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Tags: swine | flu | vaccine | generation | xers

Young Adults Responded Well to Swine Flu

Tuesday, 24 January 2012 04:42 PM EST

Young adults responded well to their generation’s first major health epidemic – the 2009-2010swine flu epidemic – according to a new survey of thirtysomethings.
The Generation X Report examined how Americans -- aged 36 to 39 -- kept updated on the news and the steps they took to protect themselves.
Researchers found, overall, about one in five Generation Xers got the swine-flu vaccine during the 2009-2010 pandemic. Those with more education, and those who knew the most about influenza in particular, tended to be more likely to vaccinated against H1N1, they added.
About 53 percent of those asked whether the vaccine is safe answered “probably true” or “definitely true.”
About 65 percent were at least moderately concerned about the flu, and nearly 60 percent said they were following the issue very or moderately closely.
“These results suggest that young adults in Generation X did reasonably well in their first encounter with a major epidemic,” says Jon D. Miller, author of the report. “Those with minor children at home were at the greatest risk, and they responded accordingly, with higher levels of awareness and concern.”
According to Miller, understanding Generation X reactions to this recent threat may help public health officials deal more effectively with future epidemics.
The findings were based on a survey of approximately 3,000 young adults during the H1N1 influenza epidemic – the first serious infectious disease this group had ever experienced.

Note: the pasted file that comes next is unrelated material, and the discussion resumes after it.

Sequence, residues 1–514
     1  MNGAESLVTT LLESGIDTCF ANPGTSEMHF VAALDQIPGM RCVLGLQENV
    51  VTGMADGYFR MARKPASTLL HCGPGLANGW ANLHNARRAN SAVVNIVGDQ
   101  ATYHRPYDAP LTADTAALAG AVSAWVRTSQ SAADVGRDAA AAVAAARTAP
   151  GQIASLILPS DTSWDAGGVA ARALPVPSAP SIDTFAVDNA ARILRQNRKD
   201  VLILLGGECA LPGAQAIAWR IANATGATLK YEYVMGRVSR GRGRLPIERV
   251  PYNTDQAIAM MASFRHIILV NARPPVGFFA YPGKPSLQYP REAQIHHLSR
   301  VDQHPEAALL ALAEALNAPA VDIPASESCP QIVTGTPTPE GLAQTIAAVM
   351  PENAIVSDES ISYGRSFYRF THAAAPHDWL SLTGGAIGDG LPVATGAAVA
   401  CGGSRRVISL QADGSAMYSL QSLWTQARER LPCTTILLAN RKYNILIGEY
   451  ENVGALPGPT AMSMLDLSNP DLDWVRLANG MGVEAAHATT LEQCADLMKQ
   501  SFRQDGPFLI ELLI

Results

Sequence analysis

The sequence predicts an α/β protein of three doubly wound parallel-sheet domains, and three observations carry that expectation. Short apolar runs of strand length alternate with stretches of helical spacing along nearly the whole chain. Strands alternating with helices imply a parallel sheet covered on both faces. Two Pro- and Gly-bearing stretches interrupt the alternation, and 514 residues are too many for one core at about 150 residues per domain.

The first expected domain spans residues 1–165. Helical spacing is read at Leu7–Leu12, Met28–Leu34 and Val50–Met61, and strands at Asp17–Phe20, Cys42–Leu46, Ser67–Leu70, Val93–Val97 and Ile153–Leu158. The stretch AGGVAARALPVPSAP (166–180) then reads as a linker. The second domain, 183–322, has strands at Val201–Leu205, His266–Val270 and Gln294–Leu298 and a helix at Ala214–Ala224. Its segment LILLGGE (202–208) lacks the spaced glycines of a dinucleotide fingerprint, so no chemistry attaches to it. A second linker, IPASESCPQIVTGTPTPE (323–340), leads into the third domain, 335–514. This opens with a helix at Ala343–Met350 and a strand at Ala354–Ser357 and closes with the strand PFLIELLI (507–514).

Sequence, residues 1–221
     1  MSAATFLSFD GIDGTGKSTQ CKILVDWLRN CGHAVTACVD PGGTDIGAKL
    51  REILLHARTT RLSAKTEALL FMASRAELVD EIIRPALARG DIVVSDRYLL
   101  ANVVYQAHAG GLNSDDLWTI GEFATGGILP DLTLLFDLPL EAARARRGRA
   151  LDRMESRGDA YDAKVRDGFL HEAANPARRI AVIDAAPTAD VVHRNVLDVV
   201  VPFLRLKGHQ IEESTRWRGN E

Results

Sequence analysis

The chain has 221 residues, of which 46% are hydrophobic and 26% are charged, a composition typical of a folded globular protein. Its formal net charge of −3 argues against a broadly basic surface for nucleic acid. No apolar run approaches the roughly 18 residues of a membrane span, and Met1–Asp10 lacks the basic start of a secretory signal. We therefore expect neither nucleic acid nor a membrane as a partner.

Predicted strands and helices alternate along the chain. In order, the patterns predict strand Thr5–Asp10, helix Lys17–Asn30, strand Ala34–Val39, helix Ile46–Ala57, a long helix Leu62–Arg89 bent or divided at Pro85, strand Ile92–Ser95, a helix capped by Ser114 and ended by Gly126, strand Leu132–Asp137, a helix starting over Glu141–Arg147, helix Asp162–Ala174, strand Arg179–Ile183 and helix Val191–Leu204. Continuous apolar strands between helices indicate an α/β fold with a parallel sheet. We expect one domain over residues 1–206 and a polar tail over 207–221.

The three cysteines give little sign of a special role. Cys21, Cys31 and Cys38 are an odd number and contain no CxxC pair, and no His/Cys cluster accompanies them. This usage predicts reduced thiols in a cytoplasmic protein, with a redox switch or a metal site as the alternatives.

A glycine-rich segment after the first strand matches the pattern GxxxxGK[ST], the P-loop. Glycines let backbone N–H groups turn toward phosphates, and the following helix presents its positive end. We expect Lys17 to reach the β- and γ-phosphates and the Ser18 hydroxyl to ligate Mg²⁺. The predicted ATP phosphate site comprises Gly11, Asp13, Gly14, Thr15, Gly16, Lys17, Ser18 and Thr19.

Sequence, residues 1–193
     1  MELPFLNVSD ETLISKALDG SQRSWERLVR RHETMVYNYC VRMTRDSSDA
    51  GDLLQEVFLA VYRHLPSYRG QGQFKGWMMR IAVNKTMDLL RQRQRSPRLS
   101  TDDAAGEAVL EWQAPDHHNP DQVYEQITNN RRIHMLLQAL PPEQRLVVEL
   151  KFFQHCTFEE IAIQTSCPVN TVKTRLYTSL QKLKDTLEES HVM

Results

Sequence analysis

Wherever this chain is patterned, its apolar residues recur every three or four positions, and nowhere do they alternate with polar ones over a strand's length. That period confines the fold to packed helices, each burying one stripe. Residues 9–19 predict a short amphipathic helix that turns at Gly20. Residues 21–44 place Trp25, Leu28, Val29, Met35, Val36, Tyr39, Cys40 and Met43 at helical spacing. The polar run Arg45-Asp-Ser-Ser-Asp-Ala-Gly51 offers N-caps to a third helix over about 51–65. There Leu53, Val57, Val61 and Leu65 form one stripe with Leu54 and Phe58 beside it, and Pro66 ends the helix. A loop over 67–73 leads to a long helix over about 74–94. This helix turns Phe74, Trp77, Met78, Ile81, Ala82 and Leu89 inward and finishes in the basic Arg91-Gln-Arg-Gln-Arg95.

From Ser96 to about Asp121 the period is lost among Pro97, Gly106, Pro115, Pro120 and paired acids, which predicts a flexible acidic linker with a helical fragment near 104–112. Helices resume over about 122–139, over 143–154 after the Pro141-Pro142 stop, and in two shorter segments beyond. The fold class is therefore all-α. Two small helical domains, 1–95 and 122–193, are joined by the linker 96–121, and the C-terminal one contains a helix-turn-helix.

Other findings:
• Young adults with minor children at home were most likely to follow the news about influenza closely and were most concerned about the swine flu epidemic.
• Young adults were most likely to report getting information about the epidemic from friends, co-workers and family members. In the month before the survey, they reported having about nine such conversations, compared to getting news about the flu less than three times via print or broadcast media, and about five times from searching the internet.
• The most trusted sources of information about the influenza epidemic were physicians, followed by the National Institutes of Health, pharmacists at local drug stores, and nurses from county health departments. The least trusted sources were YouTube videos, drug company commercials, and Wikipedia articles.

© HealthDay

Most Generation Xers followed the news closely and many took steps to protect themselves.
Tuesday, 24 January 2012 04:42 PM
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